So why aren’t there any unions for comic book creators then?


Today, Comic Book Workers United announced their organization as a union for Image Comics staff, with the potential to spread throughout the industry. Now that’s just for editing, marketing, and editorial, not the comic book creators themselves. For starters, across the industry, comic book writers, artists, colorists and editors, and generally freelancers – sometimes publishers and marketers are too. So could they also unionize? This is what fueled many reactions to the news. Well no. Because in the United States of America, it is illegal for freelancers to organize. But given that today everyone seems to be asking questions about it, it was worth copying and pasting from a previous post on this topic from three years ago with minor edits. Remember, I’m not a lawyer, I don’t even play it on the internet.

In an industry where standard per-page rates have not kept pace with inflation so much but have fallen, for writers, pencils, inkers, colorists, letters, even as publishers have grown rich. Chances are, comic book creators will be paid less than they would have been ten or twenty years ago. Some of it is driven by technology, but most of it is not.

Clark Kent learns about unions

One of the main stumbling blocks is that in most places in the United States organizing a freelance union for collective bargaining can fall under antitrust laws, which are aimed at combating fixation. prices. The famous Taft-Hartley Act of 1946 explicitly excluded “anyone with independent contractor status” from unionizing in the section which already excluded domestic and agricultural workers from the possibility of exercising this right. Indeed, many creators have incorporated themselves as limited companies, and if they discussed among themselves, for example, the fixing of minimum prices for the work, it could be qualified as collusion and pursued by the federal authorities.

So why aren't there any unions for comic book creators then?
Superman and the intricacies of collective bargaining

Several people, including Neal Adams, Barry Windsor Smith, Dick Giordano, Frank Miller, Steve Gerber, Steven Grant and more have explored the possibility of comic book creators unionizing in the ’70s and’ 80s, but to no avail, bumping into the law in the matter. The trade union of the self-employed exists but does not participate in deliberations on collective bargaining with employers, for the anti-competitive reasons set out above. It does, however, help with health care, insurance, and other arrangements that an American freelance writer may find more difficult or more expensive to acquire.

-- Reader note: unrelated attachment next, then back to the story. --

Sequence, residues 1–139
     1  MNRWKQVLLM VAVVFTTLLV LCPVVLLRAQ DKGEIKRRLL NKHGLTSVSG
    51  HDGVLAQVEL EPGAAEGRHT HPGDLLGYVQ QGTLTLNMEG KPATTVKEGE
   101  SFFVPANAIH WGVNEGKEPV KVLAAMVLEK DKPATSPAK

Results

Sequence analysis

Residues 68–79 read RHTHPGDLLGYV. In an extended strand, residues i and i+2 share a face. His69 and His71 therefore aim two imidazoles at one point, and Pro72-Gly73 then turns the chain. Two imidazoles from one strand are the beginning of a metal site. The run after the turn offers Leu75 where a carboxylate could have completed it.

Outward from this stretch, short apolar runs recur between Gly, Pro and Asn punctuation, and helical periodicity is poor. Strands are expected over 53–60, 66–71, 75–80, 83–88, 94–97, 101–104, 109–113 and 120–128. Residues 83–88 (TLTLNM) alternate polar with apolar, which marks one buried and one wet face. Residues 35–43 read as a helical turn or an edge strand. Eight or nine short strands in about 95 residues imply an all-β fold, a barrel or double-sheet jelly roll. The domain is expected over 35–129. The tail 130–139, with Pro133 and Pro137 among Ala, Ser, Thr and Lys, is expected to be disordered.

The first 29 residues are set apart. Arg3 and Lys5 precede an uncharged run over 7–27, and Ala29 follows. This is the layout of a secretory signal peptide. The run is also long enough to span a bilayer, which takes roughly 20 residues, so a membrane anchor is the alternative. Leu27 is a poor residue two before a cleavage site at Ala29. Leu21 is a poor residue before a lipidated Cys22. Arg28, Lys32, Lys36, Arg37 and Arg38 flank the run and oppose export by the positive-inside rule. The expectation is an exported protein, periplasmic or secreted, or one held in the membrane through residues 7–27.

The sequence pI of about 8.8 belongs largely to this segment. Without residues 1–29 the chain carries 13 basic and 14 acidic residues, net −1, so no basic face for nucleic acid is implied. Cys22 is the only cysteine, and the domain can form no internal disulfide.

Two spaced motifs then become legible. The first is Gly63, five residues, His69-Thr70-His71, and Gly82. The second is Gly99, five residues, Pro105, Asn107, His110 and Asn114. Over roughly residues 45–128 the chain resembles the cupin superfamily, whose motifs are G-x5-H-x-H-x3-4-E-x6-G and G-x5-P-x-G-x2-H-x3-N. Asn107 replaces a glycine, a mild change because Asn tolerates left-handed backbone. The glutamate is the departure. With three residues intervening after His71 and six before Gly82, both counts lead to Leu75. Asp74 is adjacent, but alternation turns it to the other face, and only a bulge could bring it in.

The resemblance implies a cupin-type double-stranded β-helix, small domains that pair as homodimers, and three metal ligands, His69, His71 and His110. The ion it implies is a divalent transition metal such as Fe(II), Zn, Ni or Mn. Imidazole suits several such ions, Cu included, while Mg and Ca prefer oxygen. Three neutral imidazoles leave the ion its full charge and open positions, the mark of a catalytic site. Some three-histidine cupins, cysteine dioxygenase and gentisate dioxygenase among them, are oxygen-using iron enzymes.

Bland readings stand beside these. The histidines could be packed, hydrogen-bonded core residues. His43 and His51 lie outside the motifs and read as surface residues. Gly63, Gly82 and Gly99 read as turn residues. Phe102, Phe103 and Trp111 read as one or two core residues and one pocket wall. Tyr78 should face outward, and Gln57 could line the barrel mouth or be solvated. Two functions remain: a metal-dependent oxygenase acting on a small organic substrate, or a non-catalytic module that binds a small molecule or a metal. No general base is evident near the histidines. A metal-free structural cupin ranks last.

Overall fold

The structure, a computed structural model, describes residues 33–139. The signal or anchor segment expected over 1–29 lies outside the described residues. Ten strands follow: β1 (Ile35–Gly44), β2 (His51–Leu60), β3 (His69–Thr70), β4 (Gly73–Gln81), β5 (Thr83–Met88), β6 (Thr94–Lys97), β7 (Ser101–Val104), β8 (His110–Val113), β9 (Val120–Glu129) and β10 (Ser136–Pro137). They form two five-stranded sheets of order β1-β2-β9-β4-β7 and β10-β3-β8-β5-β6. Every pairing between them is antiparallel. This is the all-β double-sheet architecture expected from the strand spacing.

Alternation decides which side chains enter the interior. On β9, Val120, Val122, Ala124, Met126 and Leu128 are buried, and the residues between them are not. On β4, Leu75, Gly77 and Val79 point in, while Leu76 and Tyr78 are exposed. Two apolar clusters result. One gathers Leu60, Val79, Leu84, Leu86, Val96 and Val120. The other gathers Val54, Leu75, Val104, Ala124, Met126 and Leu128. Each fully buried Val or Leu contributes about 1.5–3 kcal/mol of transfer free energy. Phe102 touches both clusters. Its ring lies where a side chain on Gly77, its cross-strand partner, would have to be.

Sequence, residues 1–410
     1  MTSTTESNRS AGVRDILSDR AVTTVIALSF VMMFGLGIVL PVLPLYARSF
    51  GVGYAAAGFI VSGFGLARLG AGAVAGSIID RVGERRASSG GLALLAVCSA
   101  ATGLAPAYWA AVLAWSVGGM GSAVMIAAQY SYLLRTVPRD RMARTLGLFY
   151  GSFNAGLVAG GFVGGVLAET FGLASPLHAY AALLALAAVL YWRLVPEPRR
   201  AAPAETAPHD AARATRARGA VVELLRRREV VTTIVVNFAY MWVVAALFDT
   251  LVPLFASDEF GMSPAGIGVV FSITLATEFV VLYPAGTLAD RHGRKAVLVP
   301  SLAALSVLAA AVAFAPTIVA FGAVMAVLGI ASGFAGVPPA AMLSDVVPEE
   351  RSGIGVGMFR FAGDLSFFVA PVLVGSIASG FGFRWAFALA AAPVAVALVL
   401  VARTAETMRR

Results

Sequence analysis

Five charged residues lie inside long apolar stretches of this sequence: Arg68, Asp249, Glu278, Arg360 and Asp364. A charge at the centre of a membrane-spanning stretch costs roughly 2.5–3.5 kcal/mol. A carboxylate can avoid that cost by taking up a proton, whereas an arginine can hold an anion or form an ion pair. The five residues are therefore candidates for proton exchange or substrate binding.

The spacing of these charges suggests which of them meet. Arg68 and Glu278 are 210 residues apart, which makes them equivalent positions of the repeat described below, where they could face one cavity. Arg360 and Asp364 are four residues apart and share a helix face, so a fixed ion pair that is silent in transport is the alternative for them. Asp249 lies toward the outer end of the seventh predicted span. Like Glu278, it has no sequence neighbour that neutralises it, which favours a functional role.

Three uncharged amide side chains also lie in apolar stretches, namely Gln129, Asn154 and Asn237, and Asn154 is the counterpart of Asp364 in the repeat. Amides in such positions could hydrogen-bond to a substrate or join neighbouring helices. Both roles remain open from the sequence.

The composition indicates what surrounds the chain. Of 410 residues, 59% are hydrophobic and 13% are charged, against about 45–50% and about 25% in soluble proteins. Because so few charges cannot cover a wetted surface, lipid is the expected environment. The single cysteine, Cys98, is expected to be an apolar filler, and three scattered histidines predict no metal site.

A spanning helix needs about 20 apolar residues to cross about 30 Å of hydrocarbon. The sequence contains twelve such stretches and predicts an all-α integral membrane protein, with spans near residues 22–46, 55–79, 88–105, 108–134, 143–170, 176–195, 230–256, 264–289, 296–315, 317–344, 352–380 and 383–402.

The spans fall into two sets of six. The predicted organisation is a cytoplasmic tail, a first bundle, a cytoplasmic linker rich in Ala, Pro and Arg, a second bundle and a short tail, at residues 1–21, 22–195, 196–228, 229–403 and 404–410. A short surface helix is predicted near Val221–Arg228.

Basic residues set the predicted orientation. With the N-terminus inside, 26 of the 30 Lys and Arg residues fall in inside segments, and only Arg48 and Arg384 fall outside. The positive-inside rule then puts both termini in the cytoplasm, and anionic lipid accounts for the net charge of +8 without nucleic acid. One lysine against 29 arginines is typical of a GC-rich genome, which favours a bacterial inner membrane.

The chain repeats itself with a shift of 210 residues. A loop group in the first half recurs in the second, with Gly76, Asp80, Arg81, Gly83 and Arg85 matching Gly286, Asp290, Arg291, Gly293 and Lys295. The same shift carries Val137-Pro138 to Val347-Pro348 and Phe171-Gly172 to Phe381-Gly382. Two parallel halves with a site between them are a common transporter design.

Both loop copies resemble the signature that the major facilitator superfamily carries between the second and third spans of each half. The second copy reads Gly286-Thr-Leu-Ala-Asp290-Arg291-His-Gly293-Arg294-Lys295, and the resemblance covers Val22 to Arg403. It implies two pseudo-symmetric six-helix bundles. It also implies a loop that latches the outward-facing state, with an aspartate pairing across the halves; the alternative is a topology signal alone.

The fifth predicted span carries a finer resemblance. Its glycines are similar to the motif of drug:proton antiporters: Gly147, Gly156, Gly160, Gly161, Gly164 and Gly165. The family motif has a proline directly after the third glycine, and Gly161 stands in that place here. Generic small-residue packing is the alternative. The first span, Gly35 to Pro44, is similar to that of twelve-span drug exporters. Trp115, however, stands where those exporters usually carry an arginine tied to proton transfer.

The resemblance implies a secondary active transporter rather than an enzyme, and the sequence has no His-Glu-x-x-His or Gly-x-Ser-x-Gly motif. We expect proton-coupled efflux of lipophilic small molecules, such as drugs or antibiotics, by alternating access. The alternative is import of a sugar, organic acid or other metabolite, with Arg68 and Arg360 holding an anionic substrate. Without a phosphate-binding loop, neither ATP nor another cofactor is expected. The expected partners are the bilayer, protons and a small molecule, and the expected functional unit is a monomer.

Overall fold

There are existing guilds that cover some freelancers who have been protected by law, such as the Writers Guild Of America. However, they are limited in extending their coverage and mandate to include comic book creators. It would only work if the employees were real employees, like Tampa-based CrossGen. Or if the people covered were editors, most of whom are employed as staff with relatively low salaries – although even this industry is turning to freelance work as well. It could be argued that exclusive comic book creators, who engage with exclusive publishers, are treated as de facto employees depending on the state in which they operate.

DC Comics is probably keeping an eye out for a class action alleging that Uber drivers in California are employees under state law, especially since the California Supreme Court issued a ruling that changed the independent contractor status test in California, which ‘Uber disputes.

So why aren't there any unions for comic book creators then?
Superman eliminates union breakers.

And some municipalities have already decided to grant independent contractors the right to organize. Seattle City Council Passed Bill allowing Uber and Lyft drivers to form a union, though the companies have appealed to the courts. And instead, concert economy guilds are formed in New York City. while the the law may change in Canada to allow a greater union presence.

That being said, many people who might be eligible to join such a union or guild if it were legal, may not be inclined to do so. Many designers prefer individually negotiated deals that they have managed to make for themselves. Psychologically, the concept of American exceptionalism, manifest destiny, libertarianism, and pure and cursed bloodthirsty spirit can do more to defeat such a collective gathering than any law would.

But the launch of United cartoon workers, representing Image Comics staff members, has the potential to travel much further. Maybe one day even challenge the existing law and affect people like… Marvel?

So why aren't there comic book unions for creators then?

Posted in: AfterShock, Ahoy, Archie, AWA, Bad idea, Boom, Comics, Dark Horse Comics, DC Comics, Dynamite, Fantagraphics, IDW, Image, Lev Gleason, Marvel Comics, Oni Press, Quirk, Rebellion / 2000AD, Titan , Valiant, Vault, Viz Media | Tagged: Comic Book Workers United, picture comics, union

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Lisa M. Horner